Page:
Security experts are warning of a scam on Facebook, which masquerades as a chance to get a free £250 ASOS voucher, but is instead an opportunity to earn money for scammers.
So how does it work, and what should you watch for?
The scamThe scam has been highlighted by independent security analyst Graham Cluley, who says this is the latest incarnation of a scam that has been around for a while. The scammers post a link, claiming "Get Free ASOS voucher Now (259 left)".
If you click on the link it will tell you to share the link with your own Facebook friends and make a favourable comment before you find out whether you have won a voucher.
As Cluley says on his blog: "Of course, ASOS isn't giving any way any such vouchers – and the promotion is nothing to do with them. Instead it's a ploy to trick users into taking online surveys which earn the scammers affiliate cash."
By the time you discover you've been scammed, you will have sent the link to your friends. This is how the scam multiplies - earning more and more cash for the scammers and spreading junk around Facebook.
More scamsIt's also worth bearing in mind that various forms of the Facebook scam exist. In December scammers were claiming to offer vouchers for Tesco, Asda and Primark. Often these scams are designed to trick you into completing a survey and earning cash for the scammers. However, some trick you into signing up for a premium rate service, and others contain viruses which will try to infect your computer if you follow the link.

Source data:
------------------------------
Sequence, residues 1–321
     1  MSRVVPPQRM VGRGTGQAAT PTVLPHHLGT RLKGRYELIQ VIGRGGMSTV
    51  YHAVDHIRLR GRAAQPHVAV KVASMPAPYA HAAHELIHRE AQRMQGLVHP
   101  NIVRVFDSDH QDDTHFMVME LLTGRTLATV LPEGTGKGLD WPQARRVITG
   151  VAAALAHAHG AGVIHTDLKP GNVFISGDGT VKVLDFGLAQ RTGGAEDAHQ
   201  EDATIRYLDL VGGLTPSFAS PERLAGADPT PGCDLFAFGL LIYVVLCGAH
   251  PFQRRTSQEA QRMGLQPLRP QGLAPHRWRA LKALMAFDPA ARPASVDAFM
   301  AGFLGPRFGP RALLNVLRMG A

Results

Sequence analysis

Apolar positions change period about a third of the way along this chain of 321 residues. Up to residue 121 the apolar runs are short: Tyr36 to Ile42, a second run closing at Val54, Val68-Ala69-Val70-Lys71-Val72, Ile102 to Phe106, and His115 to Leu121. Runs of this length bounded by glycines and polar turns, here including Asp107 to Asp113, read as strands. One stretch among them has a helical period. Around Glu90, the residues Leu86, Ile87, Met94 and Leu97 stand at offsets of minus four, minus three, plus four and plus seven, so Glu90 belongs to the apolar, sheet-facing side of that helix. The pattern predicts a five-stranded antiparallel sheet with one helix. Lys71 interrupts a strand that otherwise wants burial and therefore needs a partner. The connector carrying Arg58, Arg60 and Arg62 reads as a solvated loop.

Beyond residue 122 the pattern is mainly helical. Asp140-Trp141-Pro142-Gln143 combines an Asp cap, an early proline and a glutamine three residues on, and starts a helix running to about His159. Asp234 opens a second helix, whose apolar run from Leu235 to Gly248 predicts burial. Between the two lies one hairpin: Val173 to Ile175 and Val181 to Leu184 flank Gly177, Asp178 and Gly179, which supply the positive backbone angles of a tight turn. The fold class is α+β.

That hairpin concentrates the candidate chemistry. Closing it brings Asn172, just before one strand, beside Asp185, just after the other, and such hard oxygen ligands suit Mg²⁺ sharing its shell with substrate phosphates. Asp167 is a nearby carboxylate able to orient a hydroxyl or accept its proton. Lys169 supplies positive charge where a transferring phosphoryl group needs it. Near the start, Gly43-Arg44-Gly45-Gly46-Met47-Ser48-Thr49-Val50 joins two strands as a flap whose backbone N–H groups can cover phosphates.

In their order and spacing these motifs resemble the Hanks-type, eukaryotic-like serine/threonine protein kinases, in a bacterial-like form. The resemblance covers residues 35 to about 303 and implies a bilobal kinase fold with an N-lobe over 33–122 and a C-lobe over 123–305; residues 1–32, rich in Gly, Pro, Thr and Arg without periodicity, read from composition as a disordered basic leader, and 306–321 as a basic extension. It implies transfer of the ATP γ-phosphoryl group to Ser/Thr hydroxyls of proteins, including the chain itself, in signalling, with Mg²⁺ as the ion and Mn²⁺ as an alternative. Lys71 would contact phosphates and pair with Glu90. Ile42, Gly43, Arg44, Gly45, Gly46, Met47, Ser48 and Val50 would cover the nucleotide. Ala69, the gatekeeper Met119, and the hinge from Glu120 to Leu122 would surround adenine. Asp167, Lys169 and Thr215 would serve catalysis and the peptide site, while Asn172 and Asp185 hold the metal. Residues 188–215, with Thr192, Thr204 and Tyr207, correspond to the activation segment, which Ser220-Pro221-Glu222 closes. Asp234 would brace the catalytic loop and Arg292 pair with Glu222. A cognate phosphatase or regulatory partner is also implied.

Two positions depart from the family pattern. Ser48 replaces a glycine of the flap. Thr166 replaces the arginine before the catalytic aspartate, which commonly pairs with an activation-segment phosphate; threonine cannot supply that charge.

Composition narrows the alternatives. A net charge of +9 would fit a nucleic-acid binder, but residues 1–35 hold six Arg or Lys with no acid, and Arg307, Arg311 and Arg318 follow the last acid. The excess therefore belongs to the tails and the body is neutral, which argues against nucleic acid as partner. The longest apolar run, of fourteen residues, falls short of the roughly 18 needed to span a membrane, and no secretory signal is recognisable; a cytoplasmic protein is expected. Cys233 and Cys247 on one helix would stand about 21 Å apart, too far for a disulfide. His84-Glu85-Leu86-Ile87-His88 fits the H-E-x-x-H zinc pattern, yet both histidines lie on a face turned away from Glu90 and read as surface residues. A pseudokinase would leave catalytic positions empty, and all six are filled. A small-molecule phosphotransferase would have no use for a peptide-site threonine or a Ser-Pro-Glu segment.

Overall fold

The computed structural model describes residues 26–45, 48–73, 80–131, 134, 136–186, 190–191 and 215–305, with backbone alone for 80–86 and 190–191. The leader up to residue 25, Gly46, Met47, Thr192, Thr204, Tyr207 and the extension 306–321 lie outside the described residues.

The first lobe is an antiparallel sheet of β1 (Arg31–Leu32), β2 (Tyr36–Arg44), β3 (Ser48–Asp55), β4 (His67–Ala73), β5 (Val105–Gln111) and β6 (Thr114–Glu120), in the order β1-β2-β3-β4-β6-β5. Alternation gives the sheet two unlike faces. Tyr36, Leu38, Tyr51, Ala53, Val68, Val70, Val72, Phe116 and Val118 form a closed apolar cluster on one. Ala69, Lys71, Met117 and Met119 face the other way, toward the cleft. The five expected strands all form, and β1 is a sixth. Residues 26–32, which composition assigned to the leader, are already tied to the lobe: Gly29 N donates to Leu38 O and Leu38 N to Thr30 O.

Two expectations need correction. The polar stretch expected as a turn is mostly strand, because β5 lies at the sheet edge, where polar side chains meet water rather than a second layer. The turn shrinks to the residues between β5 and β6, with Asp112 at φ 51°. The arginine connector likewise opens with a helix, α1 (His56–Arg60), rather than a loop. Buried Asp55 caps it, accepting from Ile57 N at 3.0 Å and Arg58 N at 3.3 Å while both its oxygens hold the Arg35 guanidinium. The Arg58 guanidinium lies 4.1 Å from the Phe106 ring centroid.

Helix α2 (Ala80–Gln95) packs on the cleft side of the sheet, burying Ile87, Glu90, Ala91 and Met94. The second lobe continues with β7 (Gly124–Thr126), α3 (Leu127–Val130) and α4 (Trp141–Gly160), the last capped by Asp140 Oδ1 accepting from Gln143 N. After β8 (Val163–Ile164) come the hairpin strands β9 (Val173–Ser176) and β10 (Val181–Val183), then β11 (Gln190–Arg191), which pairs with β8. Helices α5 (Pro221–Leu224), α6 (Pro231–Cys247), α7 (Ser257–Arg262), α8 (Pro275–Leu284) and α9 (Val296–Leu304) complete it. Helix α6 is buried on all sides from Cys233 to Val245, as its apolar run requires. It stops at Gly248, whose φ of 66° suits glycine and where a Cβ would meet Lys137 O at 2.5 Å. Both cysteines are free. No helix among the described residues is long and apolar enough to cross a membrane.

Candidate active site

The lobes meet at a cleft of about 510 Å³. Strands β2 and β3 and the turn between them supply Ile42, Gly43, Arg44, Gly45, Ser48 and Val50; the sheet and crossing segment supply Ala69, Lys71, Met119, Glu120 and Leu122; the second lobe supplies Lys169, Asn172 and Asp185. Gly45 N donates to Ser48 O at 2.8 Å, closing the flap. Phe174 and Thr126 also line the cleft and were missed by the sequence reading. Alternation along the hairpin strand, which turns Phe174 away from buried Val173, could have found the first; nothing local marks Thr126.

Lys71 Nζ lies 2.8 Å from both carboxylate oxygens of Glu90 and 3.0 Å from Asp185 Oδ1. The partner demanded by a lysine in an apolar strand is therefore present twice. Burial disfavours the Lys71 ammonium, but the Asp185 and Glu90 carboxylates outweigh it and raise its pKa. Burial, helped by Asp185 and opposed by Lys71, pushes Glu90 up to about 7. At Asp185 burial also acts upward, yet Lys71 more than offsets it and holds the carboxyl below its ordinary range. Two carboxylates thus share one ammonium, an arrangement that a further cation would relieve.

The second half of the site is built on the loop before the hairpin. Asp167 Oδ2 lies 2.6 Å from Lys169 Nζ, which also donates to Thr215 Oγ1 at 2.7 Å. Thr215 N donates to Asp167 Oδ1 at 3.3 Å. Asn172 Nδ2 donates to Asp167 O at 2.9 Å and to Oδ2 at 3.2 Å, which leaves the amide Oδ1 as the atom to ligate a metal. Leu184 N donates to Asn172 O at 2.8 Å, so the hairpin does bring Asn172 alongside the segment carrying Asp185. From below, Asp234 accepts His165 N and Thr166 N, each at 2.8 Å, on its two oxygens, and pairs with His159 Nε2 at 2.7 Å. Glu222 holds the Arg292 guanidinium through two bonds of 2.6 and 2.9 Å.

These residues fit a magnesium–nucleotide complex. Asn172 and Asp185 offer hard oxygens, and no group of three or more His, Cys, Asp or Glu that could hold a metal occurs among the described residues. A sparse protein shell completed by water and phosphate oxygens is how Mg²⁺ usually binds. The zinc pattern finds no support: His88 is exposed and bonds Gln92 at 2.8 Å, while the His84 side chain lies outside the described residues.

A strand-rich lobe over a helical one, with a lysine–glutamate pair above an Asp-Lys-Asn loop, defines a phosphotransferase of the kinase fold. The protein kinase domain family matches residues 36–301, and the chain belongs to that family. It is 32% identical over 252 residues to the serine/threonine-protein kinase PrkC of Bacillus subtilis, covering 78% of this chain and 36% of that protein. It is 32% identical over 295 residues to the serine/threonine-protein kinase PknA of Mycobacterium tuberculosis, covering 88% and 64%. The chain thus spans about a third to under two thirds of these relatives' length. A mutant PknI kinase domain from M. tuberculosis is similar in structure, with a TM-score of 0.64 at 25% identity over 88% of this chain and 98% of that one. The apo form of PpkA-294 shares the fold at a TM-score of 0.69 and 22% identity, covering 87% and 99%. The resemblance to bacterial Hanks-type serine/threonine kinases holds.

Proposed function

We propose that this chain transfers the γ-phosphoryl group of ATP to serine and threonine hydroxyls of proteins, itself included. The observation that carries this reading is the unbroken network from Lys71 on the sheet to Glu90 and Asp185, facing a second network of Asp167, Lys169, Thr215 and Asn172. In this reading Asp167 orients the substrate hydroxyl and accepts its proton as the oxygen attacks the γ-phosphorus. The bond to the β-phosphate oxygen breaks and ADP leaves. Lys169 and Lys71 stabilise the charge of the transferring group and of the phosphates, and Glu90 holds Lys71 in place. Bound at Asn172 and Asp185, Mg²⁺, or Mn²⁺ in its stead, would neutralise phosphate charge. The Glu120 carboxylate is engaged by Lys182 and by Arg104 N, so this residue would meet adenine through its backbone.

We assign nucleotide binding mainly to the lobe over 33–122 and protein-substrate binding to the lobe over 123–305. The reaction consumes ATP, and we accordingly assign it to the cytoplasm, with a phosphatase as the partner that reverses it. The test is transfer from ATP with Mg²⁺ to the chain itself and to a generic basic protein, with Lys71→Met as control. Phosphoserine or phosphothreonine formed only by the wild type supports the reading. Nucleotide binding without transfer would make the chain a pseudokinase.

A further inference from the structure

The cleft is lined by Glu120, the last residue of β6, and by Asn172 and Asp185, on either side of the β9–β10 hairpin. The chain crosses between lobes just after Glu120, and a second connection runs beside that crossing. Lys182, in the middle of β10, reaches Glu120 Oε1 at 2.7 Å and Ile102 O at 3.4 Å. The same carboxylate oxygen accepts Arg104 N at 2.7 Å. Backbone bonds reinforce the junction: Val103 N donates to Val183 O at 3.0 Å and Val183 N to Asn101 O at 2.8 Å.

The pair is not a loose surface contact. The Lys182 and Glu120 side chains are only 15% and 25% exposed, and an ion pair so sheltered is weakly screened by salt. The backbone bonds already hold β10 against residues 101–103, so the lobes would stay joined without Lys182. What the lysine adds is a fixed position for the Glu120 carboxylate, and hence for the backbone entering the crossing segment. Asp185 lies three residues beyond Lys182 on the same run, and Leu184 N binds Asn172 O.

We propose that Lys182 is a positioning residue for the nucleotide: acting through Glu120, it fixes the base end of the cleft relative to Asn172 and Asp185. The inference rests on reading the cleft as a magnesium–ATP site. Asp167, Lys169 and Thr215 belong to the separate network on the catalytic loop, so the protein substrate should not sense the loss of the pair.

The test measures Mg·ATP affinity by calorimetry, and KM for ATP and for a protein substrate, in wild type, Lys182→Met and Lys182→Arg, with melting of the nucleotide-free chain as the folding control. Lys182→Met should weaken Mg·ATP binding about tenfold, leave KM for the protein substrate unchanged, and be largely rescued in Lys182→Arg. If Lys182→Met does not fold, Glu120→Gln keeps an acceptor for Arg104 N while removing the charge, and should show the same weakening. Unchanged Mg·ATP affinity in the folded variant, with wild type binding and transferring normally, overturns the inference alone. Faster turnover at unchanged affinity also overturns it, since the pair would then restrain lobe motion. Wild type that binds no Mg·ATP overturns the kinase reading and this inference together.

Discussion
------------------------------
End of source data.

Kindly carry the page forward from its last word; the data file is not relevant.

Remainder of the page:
If you see a link like this, you can check out whether it is real or not by visiting the Facebook page of the retailer themselves separately through a search (rather than clicking the link). If they are running an offer they will list it here, and sometimes if there's a scam doing the rounds they will post a warning on the site. Tesco did this in December, when it issued a scam warning and called on people to warn their friends.
You can also sign up to any number of Facebook security groups, including Cluley's own, which regularly issues scam warnings so you can keep abreast of the latest threats.
However, you'll go a long way if you heed the general rule of thumb that if something seems too good to be true it probably is, and if you receive an offer of something for nothing out of the blue then it's best to err on the side of caution.
After all, you have to ask yourself, given that ASOS is a phenomenally successful brand which is loved by millions of customers, why would they need to pay people £250 to share a positive comment?